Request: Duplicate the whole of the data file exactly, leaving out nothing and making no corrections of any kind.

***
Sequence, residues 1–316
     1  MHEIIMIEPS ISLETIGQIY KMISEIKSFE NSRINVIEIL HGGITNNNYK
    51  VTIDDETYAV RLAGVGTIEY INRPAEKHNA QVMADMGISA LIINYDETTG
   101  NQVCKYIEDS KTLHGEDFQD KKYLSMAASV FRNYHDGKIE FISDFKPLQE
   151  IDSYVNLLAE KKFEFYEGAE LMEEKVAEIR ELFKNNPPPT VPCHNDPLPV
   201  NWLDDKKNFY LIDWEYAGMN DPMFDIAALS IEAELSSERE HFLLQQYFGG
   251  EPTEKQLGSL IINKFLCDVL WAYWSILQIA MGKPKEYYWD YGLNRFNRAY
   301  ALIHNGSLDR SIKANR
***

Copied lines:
Sequence, residues 1–316
     1  MHEIIMIEPS ISLETIGQIY KMISEIKSFE NSRINVIEIL HGGITNNNYK
    51  VTIDDETYAV RLAGVGTIEY INRPAEKHNA QVMADMGISA LIINYDETTG
   101  NQVCKYIEDS KTLHGEDFQD KKYLSMAASV FRNYHDGKIE FISDFKPLQE
   151  IDSYVNLLAE KKFEFYEGAE LMEEKVAEIR ELFKNNPPPT VPCHNDPLPV
   201  NWLDDKKNFY LIDWEYAGMN DPMFDIAALS IEAELSSERE HFLLQQYFGG
   251  EPTEKQLGSL IINKFLCDVL WAYWSILQIA MGKPKEYYWD YGLNRFNRAY
   301  ALIHNGSLDR SIKANR